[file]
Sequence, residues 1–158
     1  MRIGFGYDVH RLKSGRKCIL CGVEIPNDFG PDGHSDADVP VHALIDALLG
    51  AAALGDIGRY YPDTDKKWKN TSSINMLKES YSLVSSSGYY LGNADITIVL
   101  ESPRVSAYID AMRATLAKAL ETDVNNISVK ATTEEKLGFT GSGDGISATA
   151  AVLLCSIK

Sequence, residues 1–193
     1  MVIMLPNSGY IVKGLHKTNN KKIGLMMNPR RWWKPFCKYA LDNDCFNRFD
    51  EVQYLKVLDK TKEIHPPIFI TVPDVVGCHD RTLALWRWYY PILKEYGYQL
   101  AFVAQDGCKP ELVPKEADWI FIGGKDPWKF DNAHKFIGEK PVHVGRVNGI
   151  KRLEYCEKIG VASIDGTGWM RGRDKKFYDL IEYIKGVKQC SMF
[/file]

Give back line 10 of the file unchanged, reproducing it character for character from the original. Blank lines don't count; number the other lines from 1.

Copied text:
   151  KRLEYCEKIG VASIDGTGWM RGRDKKFYDL IEYIKGVKQC SMF